Mute Witness isn't a great film, but it's a smart one, and it operates well within the genre. Billy isn't an idiotic victim, she's intelligent and proactive. The scares more or less veer away from fake shocks and cheap gore. But there is a lot that doesn't work, too—Billy's sister and her husband serve as the comic relief, and they're written and acted too broadly. Instead of offering a cathartic break from the suspense, they distract. But mostly, Waller has done a good job making a low-budget film about low-budget filmmakers that feels like more than what it is.

Rating for Style: B+
Rating for Substance: B

 

Image Transfer

 One
Aspect Ratio2.35:1 - Widescreen
Original Aspect Ratioyes
Anamorphicyes


Image Transfer Review: Columbia TriStar has once again delivered a fine transfer for a catalog title (thank goodness they decided to deliver this scope film in widescreen, because the director uses every corner of the frame). The image looks a little grainy and soft, betraying the low budget, but the level of detail is good enough, and the gritty look suits the atmosphere quite well. The print shows occasional wear, but nothing too significant—just some lines and flecks during the opening credits, mostly. Colors appear balanced and intentionally muted, and I didn't notice any undue artifacts or edge enhancement (though there is some occasionally distracting aliasing).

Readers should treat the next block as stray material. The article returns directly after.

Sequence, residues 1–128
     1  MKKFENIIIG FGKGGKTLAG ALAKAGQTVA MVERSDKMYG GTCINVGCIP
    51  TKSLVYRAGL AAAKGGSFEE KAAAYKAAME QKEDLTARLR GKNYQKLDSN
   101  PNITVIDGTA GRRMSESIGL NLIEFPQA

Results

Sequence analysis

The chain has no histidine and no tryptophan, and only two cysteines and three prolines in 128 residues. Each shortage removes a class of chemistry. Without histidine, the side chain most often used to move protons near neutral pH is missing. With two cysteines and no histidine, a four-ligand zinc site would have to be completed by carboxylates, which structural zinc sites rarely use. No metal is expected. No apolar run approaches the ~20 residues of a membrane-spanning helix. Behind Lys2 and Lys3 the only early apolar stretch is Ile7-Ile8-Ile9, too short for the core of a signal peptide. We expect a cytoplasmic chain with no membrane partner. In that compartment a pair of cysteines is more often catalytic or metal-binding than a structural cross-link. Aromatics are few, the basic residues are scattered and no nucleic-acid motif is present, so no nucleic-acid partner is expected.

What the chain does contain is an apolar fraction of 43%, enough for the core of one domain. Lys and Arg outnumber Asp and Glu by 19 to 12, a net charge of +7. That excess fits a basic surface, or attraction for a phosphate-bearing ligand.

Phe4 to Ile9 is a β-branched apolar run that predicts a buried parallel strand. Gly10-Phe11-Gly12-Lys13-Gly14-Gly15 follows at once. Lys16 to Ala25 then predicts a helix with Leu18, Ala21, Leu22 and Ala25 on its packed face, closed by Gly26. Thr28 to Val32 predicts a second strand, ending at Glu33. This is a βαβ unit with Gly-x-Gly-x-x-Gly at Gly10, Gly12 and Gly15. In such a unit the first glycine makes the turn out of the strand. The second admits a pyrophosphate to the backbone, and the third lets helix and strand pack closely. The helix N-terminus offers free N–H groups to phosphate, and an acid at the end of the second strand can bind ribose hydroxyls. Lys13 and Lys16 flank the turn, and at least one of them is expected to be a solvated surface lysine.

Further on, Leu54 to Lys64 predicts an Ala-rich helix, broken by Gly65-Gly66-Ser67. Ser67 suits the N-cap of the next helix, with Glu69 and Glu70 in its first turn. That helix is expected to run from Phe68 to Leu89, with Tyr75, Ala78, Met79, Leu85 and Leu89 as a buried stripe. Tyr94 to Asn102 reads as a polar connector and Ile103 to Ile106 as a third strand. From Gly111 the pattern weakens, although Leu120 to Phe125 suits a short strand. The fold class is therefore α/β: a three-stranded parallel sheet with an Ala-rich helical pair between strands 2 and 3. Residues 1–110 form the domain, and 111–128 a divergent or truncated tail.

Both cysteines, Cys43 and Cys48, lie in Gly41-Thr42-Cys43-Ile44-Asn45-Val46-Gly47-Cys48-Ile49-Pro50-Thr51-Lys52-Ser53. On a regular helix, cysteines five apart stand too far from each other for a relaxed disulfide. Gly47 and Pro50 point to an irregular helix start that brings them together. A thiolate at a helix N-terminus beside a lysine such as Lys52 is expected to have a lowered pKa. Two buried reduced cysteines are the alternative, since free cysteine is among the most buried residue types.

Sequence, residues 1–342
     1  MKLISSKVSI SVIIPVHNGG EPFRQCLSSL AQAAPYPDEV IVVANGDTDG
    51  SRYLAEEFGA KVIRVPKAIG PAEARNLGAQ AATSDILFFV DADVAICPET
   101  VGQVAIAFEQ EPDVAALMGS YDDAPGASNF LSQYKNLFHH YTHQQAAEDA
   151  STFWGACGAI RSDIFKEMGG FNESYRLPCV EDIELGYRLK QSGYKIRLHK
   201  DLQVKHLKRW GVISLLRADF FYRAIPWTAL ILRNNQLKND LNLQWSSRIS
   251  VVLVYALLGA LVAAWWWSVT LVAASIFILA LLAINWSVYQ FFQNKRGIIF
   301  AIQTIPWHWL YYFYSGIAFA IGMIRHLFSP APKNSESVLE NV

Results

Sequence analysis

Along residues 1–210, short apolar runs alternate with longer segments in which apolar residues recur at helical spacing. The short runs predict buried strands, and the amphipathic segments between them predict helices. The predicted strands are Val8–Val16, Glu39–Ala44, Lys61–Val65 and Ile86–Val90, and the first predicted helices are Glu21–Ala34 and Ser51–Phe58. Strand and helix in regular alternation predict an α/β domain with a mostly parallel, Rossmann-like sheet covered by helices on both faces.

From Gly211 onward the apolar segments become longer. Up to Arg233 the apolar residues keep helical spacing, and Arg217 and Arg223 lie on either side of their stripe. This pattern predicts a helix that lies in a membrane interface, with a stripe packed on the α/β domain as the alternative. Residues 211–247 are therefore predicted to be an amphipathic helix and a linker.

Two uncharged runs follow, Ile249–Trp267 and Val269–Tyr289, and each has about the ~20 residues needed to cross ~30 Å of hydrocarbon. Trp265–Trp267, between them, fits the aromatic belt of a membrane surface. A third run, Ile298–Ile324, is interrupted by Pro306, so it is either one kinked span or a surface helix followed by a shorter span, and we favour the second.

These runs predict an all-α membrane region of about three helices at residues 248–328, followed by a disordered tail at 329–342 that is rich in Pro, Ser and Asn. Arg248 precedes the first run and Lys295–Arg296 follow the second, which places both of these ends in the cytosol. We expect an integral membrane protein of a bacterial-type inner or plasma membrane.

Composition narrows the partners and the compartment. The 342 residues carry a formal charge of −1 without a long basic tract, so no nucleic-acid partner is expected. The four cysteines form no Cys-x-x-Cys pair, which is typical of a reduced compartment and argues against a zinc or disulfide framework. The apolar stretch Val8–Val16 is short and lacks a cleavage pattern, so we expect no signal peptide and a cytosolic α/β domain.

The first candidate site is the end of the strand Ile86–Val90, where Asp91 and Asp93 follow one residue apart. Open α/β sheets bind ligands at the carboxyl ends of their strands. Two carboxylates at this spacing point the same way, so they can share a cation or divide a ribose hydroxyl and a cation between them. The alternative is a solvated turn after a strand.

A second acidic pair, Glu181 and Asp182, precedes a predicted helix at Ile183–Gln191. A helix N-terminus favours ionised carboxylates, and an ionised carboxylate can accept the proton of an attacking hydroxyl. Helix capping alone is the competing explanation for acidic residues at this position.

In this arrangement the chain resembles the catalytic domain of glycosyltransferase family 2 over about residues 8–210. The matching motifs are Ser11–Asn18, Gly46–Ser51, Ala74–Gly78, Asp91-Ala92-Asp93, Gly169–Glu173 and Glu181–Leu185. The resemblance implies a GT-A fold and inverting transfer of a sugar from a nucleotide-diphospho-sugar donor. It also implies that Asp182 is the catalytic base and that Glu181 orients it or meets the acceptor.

Image Transfer Grade: B

 

Audio Transfer

 LanguageRemote Access
DS 2.0English, Frenchyes


Audio Transfer Review: This isn't a bad track for a simple 2.0 mix. Dialogue is generally crisp, though a few scenes suffer from obvious ADR. The music is also a bit of a mixed bag. It works well during the more low-key, suspenseful moments, but then it will blare out during a jump scare and sound distorted. Otherwise, though, the front-heavy mix uses the limited sound field creatively, heightening the tension with directional effects and decent stereo separation. The surrounds are mostly silent, but they are put to good use in a few key scenes (including the opening Halloween homage).

Audio Transfer Grade: B

 

Disc Extras

Static menu
Scene Access with 28 cues and remote access
Subtitles/Captions in English, French, Korean, Portuguese, Spanish with remote access
3 Other Trailer(s) featuring Darkness Falls, Identity, Anatomy
Packaging: Amaray
Picture Disc
1 Disc
1-Sided disc(s)
Layers: single

Extras Review: Aside from a trailer gallery with spots for three horror/ suspense flicks, Mute Witness is a bare-bones catalog title.

Extras Grade: D-

 

Final Comments

Mute Witness surprised me. The cover art promises a trashy thriller, but the film delivers much more. Anthony Waller's script injects reflexive humor and genuine innovation into a tired genre, and his careful direction draws maximum suspense and entertainment from the low budget and B-level cast. It's a true sleeper—not a great film, but more than quirky and nuanced enough to please genre fans.